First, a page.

The same situation existed in ethics. Locke and others had sought to offer "a rational, demonstrative science of ethics," but none of them "could define such an ethics." (p. 116) This left the door open for a rising tide of voices proclaiming that ethical principles are based on feeling, not reason.

Those who skim philosophical issues superficially will readily find striking similarities between Locke's Enlightenment thinking and Objectivism's veneration of reason, individualism and individual rights. Dig just a little deeper and one will also find a world of difference. At the same time, however, Locke's pivotal role in formulating the principle of individual rights, and his influence on America's Founding Fathers (as well as on the transition of Britain from monarchy to parliamentary democracy) cannot be underestimated.

answered Jan 23 '13 at 02:29

Ideas%20for%20Life's gravatar image

Ideas for Life ♦

I understand the point. I'll read more about it when I can for future reference. Thanks a lot.

(Jan 23 '13 at 03:23) Juan Diego dAnconia Juan%20Diego%20dAnconia's gravatar image

IFL wrote Locke's pivotal role in formulating the principle of individual rights, and his influence on America's Founding Fathers (as well as on the transition of Britain from monarchy to parliamentary democracy) cannot be underestimated.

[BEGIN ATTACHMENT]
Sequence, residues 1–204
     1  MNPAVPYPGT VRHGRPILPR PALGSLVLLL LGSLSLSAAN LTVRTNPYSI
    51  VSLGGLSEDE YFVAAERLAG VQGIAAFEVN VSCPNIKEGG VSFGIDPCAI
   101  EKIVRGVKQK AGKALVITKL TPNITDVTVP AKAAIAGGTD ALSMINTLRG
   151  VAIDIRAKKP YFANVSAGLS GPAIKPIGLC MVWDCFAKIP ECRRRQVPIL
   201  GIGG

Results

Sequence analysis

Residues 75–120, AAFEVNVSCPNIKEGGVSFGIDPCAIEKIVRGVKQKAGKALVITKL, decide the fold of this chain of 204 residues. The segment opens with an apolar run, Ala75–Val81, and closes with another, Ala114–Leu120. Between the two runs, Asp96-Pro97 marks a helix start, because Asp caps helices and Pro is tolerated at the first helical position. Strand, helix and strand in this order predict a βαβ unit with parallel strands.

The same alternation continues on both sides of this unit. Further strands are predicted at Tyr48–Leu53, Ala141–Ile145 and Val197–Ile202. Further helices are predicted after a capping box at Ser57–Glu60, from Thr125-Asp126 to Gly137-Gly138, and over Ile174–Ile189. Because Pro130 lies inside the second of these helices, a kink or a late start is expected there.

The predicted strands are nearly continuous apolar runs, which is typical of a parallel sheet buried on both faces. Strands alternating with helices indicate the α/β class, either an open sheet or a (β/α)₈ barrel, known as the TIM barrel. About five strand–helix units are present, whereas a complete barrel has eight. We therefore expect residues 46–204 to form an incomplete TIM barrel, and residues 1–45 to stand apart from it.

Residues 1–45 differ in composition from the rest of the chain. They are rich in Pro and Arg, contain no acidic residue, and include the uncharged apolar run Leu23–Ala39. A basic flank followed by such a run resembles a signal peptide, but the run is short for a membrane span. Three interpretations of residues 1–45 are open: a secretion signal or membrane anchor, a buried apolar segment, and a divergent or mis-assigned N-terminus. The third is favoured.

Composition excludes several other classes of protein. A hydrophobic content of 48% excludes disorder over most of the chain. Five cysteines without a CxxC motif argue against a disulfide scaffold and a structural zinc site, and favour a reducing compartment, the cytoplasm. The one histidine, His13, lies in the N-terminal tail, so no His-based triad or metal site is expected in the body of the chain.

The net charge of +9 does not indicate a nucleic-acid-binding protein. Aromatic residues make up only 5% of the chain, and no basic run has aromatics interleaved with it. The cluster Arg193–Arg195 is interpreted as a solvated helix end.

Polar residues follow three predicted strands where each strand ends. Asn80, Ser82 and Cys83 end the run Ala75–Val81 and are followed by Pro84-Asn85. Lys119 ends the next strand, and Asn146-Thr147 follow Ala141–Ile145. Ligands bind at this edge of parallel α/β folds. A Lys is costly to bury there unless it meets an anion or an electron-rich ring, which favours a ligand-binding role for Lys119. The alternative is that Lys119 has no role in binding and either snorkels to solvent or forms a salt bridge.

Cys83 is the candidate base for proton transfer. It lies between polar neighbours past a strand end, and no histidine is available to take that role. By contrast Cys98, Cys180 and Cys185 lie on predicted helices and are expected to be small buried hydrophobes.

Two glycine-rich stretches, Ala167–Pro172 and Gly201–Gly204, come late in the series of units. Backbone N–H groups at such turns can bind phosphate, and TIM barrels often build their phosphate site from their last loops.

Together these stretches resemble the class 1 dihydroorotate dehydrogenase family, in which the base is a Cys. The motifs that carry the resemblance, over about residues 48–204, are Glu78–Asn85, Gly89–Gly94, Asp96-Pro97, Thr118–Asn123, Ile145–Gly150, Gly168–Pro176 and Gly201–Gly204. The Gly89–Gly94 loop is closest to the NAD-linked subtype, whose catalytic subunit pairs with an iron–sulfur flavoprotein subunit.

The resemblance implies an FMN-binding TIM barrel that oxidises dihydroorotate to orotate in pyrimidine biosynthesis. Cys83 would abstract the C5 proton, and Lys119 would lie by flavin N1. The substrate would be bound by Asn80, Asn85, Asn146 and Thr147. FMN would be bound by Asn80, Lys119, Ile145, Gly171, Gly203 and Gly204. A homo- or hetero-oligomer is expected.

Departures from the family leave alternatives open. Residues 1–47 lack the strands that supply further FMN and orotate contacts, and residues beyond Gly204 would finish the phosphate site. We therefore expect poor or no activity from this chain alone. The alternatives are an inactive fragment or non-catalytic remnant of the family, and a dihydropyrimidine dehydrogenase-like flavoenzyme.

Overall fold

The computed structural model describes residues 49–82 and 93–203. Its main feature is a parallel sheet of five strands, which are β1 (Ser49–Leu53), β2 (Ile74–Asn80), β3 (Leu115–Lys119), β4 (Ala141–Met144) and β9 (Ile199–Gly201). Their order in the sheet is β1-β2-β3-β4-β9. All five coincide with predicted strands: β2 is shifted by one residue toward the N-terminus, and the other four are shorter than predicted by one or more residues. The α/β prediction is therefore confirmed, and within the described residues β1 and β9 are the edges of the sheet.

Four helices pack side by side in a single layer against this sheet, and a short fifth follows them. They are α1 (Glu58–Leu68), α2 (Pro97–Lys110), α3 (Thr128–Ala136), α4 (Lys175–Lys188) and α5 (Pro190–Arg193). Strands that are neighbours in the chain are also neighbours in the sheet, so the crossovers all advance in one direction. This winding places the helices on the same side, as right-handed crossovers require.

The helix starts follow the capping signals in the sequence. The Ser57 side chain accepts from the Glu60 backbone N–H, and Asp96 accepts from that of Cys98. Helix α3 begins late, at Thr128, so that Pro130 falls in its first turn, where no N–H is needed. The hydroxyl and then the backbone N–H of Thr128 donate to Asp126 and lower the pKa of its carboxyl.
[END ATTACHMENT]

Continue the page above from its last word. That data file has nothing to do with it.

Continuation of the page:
I get your drift here, but don't you mean that Locke's influence "cannot be overestimated?" As a figure of speech implying that it is of great value whereas the quoted formulation indicates that it is NOT of great value.

I know this is a nitpick but it might confuse a newby.

(Feb 20 '13 at 17:56) c_andrew ♦ c_andrew's gravatar image

"Underestimated" makes sense if the focus is on reality rather than what people might arbitrarily claim. If the issue of reality-orientation is confusing to newbies, then I hope this will clarify it at least enough to give pause for thought. I supposed I could say, "cannot be emphasized strongly enough," to emphasize the point more strongly.

(Feb 21 '13 at 01:27) Ideas for Life ♦ Ideas%20for%20Life's gravatar image

Good point. Apparently there is some ambiguity in the figure of speech and not just here. I wonder if there is a regional element to the interpretation of it, colloquially speaking. I grew up with the idea that "cannot be underestimated" meant that no matter how low you set the bar, it couldn't be any lower than deserved. And "cannot be overestimated" meant that no matter how hight your evaluation it could not exceed its actual value. I see that the NY Times had a similar issue with the phrase used by Andrew Cuomo. That's why I wonder if it is a regional variance.

(Feb 21 '13 at 22:11) c_andrew ♦ c_andrew's gravatar image
showing 2 of 4 show all

Follow this question

By Email:

Once you sign in you will be able to subscribe for any updates here



Answers and Comments

Share This Page:



Asked: Jan 22 '13 at 01:12

Seen: 1,475 times

Last updated: Feb 21 '13 at 22:11